Thank you so much for that Eva. I also want to say this just to you that it's a lot of money when you're young but as you and especially you know you're thinking about other things in the next years, getting married perhaps, trying to buy a house perhaps, all of these other things. But 10 years and 15 years down the road, this payment is not going to feel like this to you. And you I mean I hope that we'll talk in 10 years and you'll say, "Oh Ann, you're right. It was very stressful in the beginning, but in the end, it worked out" and there's no way you're still going to have that in 30 years. You're going to pay that off. And so I think you're absolutely right by way and as you all I think no, I'm always encouraging people. I tell all of my law school applicants that I work with. My goal for them is to have the choice to make between the dream school and the scholarship school and this is the choice I want every law school applicant to make for themselves and then if they made it, you can sit with it, and you can be okay with it in the end. So, I really want to thank you for bringing that up and anyone else, somebody comment on that regard about the debt issue and whether if you feel it's worth it?
Ann, I'd like to talk about making the choice. Oh, I'm sorry.
No, Alona, go right ahead.
I'll be - I'll be quick. I just want to say that when it comes down to making your choice, I think it's important to keep in mind choosing something that you'll be happy with, best case scenario or worst case scenario, and not based on assumptions about what your career is going to be. I know that a lot of people assume they'll get. They'd law firm jobs and it does not workout. For me, it was sort of the opposite. I always assume that I would get a public interest job and then do loan repayment and you know, my school would really help me out and you know, the government would forgive some and my school forgive some and when I could not find the job in the area, I wanted to leave and I started looking into private practice. I realized I have now settled myself. I took so many loans just assuming it would be helped out because of public interest and if this does not work you know, so I would say make your decision not based on your dream career or like the perfect scenario, but like what if I had to compromise on the job, could I still live with my financial situation.
Thank you (crosstalk). Rebecca, go ahead.
Yeah, so I kind of took the opposite approach. So I gave up a lot of scholarship money with some other school to take on more of that at Penn and I actually feel so happy that I made that decision. I think that a policy that a lot of people fall into is "Okay. Well, they'll go to a lower range school. I will rank higher in that class." But I think that that's a really dangerous mindset to get in because it's impossible to know how well you're going to actually do when you get to law school because there are very smart people at every law school and you can't predict the factors like the testing that you might have or the adjustment to a new city. And so I feel very good about having you know, depending behind me would give me a little of bit of cushion and that my experience is something I really appreciated.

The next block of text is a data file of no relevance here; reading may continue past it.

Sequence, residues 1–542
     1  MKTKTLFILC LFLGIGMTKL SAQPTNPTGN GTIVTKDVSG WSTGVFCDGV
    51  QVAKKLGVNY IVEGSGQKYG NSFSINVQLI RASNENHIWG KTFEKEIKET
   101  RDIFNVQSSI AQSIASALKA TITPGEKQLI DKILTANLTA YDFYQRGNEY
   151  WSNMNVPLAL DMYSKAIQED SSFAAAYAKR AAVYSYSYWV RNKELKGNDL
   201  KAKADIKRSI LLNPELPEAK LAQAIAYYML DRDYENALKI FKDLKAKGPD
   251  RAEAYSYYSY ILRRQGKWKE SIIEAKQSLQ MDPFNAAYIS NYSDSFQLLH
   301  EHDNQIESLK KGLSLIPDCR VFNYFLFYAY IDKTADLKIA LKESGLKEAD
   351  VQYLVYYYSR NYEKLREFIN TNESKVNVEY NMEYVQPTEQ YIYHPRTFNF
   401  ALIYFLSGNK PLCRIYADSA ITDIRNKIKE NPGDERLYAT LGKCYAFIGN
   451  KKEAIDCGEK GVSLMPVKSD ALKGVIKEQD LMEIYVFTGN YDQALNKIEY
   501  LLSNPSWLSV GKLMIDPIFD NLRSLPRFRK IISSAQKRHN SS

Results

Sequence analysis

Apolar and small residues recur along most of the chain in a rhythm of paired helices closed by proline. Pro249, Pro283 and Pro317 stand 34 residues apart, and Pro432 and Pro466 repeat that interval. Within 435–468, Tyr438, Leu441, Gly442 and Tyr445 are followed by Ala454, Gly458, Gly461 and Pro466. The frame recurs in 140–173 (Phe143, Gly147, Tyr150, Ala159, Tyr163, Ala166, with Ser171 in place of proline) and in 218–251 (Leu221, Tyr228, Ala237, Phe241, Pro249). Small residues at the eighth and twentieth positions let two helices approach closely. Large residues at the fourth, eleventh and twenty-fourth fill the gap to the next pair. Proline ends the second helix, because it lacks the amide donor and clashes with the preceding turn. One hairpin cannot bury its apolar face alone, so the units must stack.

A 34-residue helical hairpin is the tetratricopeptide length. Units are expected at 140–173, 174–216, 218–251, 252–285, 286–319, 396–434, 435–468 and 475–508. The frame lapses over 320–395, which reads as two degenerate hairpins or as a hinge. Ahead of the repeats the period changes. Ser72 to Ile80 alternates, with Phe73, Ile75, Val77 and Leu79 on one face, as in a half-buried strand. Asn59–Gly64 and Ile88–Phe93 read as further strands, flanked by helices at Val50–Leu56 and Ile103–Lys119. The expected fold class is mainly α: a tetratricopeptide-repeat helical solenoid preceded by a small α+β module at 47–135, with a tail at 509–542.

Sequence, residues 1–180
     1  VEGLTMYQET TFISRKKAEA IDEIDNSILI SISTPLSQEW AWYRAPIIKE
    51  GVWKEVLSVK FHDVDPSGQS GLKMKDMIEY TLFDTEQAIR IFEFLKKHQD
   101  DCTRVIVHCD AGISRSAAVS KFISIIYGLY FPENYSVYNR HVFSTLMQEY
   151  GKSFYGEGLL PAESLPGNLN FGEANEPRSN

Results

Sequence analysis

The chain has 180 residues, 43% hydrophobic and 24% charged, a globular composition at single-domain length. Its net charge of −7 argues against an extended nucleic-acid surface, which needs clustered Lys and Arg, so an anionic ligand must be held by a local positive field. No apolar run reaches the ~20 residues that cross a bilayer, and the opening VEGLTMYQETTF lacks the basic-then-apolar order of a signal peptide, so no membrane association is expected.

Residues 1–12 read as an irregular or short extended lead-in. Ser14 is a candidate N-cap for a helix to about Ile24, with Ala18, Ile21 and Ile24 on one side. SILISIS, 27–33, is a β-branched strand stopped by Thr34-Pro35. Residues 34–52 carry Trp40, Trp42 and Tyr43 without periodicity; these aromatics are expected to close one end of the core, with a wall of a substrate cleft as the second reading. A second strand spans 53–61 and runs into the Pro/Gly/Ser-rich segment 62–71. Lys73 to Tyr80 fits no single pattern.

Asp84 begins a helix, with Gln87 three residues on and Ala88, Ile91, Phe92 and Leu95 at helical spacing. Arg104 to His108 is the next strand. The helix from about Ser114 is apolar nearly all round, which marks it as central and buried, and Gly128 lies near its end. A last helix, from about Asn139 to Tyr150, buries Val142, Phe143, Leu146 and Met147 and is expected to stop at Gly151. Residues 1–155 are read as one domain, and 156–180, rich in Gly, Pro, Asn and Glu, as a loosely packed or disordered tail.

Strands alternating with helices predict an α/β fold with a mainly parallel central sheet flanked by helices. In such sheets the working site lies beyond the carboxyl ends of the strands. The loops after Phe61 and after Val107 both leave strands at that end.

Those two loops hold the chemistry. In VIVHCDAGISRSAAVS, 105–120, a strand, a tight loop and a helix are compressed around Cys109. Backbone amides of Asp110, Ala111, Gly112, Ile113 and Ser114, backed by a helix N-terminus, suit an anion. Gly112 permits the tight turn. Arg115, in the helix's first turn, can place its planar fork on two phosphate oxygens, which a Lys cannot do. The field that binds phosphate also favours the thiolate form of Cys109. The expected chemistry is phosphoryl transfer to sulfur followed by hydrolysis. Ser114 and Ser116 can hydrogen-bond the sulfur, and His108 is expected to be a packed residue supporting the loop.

Thank you so much for sharing that. Any other comments on this topic? It is an important one, so I want to make sure I got everything in because you've reached through such important points.
You know, I just wanted to offer one thing. You know, there is scholarship money out there and with any school and I did receive some scholarship that were minimal and they were just for working internship in law firms that were kind of outside the county of where the law school actually exist. There are other reasons for scholarships. Of course, there is I mean I think there are scholarships for those I'm exaggerating for those who are __35:44__. I mean you can create a scholarship or anything anymore of these days as far as where the school I went, the school that I went to law school. I mean there were scholarships for everything. You know I do have that. I have over $100,000 of that. Yes, it was a mortgage. I believe in all are just priceless and I think with anything else that if your going to get a law school, you better want to go law school because you going to inherit that debt when you're finished or you're going to get grade for 80 with grade on 50 score, you're going to get the scholarship. But I hope too and my goal is to develop scholarship money for those that are in the middle of the class and those that have passion about what they want to do and I think that less emphasis, there is less emphasis today on actually interviewing applicants for scholarships and even applicants for law school. And I think I heard that -- I think there is someone here on the call that went to Northwestern Law School, I'm not sure.
They do interview? Have you ever ready?
That's what I heard it...
I love that. I absolutely love that idea and I wish that more law schools would be that and in fact, for scholarships also. Because you know, I truly believe that you know, I mean I truly believe that the people that want the scholarship the most and that can actually apply them and use them can get them and I've seen people got on law school with top scores, top LSAT scores and drop out and have scholarship money. And you know, it just kind of makes me wonder. But those are just a few things throughout there and...
I guess if I was in a more with position and power with the law school if I can make a decision, I would recommend that they interview applicants for scholarship and for...